Art is in Clark’s DNA, she says. She started doodling and drawing as a child and discovered that a single piece of paper was not enough to contain her creativity. While pursuing a graduate program at the University of Iowa, she found herself frustrated by the breakage caused by the edge of the paper. This led her to the idea of adding pieces of paper, cutting her ever-expanding design into squares, and creating an artwork puzzle, of sorts, that could be put together after being pulled apart. .
Initially, Clark draws his work on 24 x 18 inch sheets of paper, each of which is then cut into a grid of a dozen 6 x 6 inch squares. Each sheet is numbered and connected to additional sheets which carry the design as it moves clockwise around the first sheet. Each square is also uniquely labeled. It then prints a limited number of parts. Clark, who is doing the project only in the free time she has from her graphic design work, has drawn 25 sheets so far. The artist has created prints of sheet number one, and these personally signed and uniquely labeled prints are for sale.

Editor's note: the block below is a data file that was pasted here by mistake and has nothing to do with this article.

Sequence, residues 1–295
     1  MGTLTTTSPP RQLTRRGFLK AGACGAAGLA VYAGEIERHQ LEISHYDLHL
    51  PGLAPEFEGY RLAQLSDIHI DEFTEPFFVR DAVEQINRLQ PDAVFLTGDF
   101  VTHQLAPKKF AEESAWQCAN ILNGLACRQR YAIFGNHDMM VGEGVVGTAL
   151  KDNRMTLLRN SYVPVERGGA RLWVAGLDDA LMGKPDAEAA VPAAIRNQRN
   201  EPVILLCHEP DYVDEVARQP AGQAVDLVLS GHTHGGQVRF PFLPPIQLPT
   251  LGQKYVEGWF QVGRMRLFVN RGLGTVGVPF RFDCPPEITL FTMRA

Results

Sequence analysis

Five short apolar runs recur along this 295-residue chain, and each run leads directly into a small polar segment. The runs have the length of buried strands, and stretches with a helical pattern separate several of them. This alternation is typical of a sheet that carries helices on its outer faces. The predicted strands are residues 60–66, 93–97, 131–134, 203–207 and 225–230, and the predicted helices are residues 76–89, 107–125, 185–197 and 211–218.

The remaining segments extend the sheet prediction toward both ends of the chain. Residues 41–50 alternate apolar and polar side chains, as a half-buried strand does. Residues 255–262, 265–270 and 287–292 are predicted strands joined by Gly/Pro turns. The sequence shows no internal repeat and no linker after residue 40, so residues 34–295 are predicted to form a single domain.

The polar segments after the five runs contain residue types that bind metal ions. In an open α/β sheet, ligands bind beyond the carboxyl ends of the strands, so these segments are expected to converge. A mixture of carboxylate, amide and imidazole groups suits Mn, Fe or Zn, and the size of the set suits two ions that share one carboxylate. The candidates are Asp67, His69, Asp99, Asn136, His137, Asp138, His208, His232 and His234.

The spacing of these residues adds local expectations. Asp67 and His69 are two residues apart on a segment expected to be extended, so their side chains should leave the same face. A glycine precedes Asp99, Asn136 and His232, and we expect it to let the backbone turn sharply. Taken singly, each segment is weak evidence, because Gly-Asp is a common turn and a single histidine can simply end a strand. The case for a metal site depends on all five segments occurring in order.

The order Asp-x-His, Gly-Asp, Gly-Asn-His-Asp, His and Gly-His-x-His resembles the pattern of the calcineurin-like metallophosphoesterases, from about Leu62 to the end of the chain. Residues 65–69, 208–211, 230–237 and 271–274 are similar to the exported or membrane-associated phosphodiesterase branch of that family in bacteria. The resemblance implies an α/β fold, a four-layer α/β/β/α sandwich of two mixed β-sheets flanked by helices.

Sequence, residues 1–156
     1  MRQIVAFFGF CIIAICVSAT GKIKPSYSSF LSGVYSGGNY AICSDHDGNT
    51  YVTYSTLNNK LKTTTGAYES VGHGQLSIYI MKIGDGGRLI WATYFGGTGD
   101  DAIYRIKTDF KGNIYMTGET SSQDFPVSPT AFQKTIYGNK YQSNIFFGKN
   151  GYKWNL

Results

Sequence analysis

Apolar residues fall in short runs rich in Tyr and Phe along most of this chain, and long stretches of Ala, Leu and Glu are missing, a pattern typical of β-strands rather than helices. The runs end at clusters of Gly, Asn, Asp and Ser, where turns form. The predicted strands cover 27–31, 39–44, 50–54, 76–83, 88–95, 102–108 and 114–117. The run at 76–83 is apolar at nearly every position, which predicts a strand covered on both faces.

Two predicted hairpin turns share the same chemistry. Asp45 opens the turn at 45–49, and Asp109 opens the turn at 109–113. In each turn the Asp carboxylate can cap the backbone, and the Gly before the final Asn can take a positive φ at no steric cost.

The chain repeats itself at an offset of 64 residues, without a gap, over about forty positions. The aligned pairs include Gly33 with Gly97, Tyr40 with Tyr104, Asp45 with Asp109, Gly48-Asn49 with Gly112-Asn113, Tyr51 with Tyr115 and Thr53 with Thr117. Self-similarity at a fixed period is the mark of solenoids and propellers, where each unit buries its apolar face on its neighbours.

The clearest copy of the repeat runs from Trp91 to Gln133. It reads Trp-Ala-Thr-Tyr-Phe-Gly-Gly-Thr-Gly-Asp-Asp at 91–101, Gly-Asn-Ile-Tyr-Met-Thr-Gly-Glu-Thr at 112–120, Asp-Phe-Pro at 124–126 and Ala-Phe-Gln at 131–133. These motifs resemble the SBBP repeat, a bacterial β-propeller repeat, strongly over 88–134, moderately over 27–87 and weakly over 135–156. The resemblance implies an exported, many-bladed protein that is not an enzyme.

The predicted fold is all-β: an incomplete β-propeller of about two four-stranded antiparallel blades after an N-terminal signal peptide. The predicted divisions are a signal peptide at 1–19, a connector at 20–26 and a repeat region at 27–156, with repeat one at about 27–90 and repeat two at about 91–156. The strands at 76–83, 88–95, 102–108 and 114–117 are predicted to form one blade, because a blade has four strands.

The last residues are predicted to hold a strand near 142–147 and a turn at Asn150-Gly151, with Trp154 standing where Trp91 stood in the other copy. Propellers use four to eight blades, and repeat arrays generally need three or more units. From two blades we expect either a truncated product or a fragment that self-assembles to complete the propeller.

Buyers can purchase the art prints directly from the LLLinked website for $100 each. Once they receive their print, they have a choice: just enjoy the art for fun and display it on a wall, or visit the website to create an owner profile. Those who opt for the latter can provide as much information as they feel comfortable with and then connect with other art owners also participating in the project.
To use the RFID tag, buyers would turn on their phone’s NFC feature and tap it near the tag on the back, allowing them to see the ID number confirming that the artwork they have purchased is genuine. The same process could be accomplished with the QR code.
Choose a timeless RFID tag